The population of the USA discards the equivalent of 165 billion dollars of food each year. Scientists at the College of Health Solutions of Arizona State University are attempting to identify factors that can help to reduce food waste, in particular through the concept of “value”. “If you can show people how much they're wasting and what that means in terms of dollars and cents or lost opportunities for their kids to eat nutritious fruits and vegetables, then you have put value back in the food, and that could potentially drive down food waste," says Chris Wharton, assistant dean of innovation and strategic initiatives at Arizona State University's College of Health Solutions.
For 5 weeks, 53 families taking part in the study in the region of Phoenix, Arizona, received instructions to be displayed in the home. For example, on how to store foods, or how to decode use-by dates. They were also given access to educational material showing three values associated with food: monetary cost, health and environmental impact. At the end of each week, the participants weighed and recorded how much food waste they had accumulated by using transparent plastic bins.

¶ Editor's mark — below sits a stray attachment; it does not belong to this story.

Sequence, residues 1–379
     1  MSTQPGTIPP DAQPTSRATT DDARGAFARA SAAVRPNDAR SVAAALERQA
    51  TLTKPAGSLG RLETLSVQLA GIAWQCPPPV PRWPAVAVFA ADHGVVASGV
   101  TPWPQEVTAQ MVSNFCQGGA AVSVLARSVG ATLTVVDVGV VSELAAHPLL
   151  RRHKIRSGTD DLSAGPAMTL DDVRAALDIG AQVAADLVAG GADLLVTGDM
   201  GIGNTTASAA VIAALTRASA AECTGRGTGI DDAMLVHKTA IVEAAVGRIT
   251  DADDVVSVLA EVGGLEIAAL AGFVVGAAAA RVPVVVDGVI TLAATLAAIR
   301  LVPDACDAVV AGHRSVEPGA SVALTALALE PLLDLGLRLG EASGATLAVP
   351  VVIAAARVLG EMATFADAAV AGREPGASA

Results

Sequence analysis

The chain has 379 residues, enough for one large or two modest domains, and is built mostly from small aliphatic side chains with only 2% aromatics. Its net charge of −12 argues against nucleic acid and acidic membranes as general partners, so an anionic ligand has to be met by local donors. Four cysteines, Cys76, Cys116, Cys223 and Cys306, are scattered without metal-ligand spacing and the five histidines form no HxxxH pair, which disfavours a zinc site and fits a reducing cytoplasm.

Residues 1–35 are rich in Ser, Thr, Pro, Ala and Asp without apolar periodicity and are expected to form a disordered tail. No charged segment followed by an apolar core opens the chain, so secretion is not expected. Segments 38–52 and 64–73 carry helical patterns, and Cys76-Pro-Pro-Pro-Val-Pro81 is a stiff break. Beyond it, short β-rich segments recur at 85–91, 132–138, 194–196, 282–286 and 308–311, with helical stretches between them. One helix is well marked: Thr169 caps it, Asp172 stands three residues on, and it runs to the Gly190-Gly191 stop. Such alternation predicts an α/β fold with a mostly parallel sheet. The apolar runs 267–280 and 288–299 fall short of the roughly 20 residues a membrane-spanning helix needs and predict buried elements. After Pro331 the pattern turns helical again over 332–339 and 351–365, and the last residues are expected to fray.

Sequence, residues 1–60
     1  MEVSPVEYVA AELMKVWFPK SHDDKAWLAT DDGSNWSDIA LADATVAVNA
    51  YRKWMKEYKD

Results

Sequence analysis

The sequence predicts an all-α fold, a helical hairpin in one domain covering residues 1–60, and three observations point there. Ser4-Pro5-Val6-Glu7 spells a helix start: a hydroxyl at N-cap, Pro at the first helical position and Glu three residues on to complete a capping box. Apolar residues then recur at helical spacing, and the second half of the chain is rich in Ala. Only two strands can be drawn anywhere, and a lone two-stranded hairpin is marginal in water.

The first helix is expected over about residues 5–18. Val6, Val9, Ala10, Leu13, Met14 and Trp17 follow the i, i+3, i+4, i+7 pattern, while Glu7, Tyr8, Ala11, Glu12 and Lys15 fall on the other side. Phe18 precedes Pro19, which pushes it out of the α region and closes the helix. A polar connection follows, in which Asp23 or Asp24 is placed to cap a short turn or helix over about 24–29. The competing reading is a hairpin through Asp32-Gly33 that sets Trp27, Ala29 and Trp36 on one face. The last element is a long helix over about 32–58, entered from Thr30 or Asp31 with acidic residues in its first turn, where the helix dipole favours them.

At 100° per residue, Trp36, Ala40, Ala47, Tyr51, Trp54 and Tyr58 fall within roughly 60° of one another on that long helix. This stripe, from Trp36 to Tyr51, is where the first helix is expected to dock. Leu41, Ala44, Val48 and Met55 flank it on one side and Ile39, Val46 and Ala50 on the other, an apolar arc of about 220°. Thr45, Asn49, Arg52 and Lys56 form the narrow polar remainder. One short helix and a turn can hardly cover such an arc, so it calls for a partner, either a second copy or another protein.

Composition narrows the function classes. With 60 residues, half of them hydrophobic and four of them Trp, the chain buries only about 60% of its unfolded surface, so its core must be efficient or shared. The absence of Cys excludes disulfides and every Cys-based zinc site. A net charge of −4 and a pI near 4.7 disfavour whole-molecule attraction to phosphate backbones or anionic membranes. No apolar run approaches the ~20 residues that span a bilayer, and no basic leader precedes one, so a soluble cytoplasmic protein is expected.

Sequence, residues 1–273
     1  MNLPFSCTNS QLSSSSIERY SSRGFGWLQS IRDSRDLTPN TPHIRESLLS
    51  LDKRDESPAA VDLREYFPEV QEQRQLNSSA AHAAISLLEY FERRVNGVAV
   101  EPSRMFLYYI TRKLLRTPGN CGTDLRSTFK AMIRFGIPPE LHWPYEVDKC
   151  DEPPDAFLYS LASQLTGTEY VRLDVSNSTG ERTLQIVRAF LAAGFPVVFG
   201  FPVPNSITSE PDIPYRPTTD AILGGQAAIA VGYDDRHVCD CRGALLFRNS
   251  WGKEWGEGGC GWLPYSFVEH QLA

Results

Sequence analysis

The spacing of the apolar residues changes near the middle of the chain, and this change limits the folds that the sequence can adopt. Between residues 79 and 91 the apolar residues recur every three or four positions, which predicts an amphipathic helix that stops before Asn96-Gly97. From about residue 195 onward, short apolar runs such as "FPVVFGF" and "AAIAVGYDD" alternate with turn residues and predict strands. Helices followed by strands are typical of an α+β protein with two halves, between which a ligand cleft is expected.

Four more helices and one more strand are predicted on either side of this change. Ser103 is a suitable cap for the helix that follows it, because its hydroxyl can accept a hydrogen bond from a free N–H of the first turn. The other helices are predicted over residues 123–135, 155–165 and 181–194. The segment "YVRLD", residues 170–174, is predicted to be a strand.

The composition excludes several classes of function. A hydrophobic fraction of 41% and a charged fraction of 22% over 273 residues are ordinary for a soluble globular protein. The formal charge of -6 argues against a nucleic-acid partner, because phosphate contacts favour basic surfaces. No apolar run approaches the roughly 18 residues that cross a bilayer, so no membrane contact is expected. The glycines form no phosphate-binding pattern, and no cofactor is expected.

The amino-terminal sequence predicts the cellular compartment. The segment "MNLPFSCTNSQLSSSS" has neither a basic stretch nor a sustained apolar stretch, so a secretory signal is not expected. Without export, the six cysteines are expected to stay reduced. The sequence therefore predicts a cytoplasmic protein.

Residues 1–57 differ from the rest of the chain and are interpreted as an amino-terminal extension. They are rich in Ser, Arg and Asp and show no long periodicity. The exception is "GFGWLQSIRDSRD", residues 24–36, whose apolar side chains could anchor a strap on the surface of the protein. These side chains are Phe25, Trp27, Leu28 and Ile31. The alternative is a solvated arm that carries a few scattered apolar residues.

The results of the study showed that food waste was reduced by 28% during the experiment, in particular due to the “visibility” of the thrown away food, thanks to the use of plastic bins and the process of weighing.
While the results are not statistically significant, the study provides a glimpse of the values that we associate with food and their influence on our behaviours. In the future, the team wishes to find out more about this subject in order to develop predictive models for improving future interventions.
Development of a procedure to measure the antioxidant capacity of food
Antioxidants present in food play an important role in maintaining health and prevention of disease such as atherosclerosis, cancer or diminished immune function. While detecting the level of antioxidants in food is important, current methods are cumbersome and complex (separation, extraction and complex colorimetric analysis).